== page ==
Fueling economy through fun
Rebecca Cotter plans for the big picture.
As an event planner with more than a decade of experience, she takes into account the basic needs of visitors and the long-term impact of her events. Her work hasn’t gone unnoticed as she was recently named one of Canada’s Top 20 Young Entrepreneurs Under 30. She was honoured for her Ontario-based company, Water on Wheels which rents mobile water bottle refilling stations for festivals and events.
“There was a lack of hydration options from the big concerts to a small community walkathon,” she says. “I thought there must be a better way to use a fire hydrant or existing infrastructure. I did my market research and realized there was a huge void in the Canadian market.”
She founded Water on Wheels in 2010 with one station and the concept “took off like a wildfire,” she says. The mobile units connect to a fire hydrant or other municipal water source. Each unit has four faucets and provides a constant stream of chilled water. Between 3,000 to 5,000 people can refill their bottles per day, per station, she says. The company has just wrapped up its second season and Cotter is looking into expanding with more stations.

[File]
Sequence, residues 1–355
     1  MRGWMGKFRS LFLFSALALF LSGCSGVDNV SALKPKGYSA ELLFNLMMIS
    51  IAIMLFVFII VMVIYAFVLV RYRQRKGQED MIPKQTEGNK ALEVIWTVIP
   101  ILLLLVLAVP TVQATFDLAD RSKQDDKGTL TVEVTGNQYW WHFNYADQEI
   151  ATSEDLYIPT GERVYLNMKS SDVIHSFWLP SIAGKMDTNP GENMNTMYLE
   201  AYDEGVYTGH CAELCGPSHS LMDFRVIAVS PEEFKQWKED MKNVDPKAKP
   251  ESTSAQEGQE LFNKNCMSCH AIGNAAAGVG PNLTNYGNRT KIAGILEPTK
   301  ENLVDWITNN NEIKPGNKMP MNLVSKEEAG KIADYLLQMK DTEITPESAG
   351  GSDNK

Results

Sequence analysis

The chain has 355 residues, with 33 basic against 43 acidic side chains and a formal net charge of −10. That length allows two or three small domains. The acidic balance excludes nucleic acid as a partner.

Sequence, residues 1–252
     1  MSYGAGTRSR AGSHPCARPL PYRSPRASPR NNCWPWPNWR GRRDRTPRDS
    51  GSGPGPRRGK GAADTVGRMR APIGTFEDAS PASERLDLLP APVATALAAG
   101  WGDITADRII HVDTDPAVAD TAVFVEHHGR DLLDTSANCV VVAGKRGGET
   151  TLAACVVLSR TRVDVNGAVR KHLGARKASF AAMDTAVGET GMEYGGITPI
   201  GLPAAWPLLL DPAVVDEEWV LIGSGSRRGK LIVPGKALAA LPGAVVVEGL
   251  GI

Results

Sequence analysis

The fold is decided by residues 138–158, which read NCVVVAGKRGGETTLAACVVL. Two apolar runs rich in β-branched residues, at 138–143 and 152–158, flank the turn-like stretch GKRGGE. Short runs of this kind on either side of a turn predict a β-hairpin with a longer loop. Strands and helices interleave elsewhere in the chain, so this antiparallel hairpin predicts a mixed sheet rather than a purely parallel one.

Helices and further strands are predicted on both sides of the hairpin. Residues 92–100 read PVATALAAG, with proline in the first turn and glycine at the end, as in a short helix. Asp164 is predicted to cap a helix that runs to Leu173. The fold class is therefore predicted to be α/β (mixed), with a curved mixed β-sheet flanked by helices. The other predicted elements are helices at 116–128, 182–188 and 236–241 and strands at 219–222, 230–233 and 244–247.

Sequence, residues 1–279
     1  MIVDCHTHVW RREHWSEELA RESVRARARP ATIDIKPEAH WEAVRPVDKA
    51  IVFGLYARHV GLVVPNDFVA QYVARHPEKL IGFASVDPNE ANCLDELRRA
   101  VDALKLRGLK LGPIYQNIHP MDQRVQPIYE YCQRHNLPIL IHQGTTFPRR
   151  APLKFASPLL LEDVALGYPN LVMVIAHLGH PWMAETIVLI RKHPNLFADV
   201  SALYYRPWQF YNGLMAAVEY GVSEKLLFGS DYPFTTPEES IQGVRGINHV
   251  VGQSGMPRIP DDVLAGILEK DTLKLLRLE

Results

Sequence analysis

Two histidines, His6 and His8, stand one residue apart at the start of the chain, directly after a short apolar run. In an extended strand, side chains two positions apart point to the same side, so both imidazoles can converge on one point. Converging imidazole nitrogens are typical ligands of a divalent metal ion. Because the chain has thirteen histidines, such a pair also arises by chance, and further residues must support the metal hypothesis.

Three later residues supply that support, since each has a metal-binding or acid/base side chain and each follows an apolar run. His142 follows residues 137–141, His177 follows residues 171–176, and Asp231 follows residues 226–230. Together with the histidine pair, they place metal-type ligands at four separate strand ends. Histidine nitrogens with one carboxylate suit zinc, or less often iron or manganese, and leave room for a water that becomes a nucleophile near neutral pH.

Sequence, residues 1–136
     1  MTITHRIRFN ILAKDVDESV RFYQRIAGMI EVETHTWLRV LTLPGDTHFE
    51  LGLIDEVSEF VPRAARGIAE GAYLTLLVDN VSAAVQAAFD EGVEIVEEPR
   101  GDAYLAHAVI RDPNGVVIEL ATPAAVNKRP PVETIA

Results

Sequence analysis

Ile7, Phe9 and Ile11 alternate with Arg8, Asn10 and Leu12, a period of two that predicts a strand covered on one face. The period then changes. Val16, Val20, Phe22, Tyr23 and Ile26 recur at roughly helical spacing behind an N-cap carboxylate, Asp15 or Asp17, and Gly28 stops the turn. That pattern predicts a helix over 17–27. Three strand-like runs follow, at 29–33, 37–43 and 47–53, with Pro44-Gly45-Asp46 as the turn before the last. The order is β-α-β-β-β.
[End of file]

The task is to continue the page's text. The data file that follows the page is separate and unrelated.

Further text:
In addition to Water on Wheels, Cotter is the outdoor events co-ordinator for The Distillery Historic District in Toronto, Ont. and she operates Rebecca Cotter Productions, an event co-ordination business. She also teaches special event management at Humber College in the School of Hospitality, Recreation and Tourism.
Her desire to approach her work as strategically as possible led her to Royal Roads’ MA in Tourism Management program. Cotter already has a bachelor degree from Queen’s University and a post-graduate diploma in event management from Algonquin College, but she was looking for a learning opportunity that would take her deeper into the industry she develops events for.
“As a student before I was 100 per cent focused on the logistics of what it takes to plan a good event. It was a narrow focus,” she says.
Many people don’t realize the impact of events on an entire community, but Cotter understands that clearly, says Brian White, director of the School of Tourism and Hospitality Management. “One event can have a profound effect on many aspects of community life. She gets it,” he says.
“She is an extremely bright, innovative and creative individual,” he adds, noting Cotter brings a lot of insight and value into the classroom.
Royal Roads is helping her back up her bigger vision of the role events can play in a local economy, Cotter says. She wants to use that knowledge to not only enhance her businesses, but open up more teaching opportunities.
“Events are very much a business,” she says. “I will be able to better prepare my students for the fact that event co-ordinators don’t just plan parties for a living. They really are a driving force in the community to provide money.”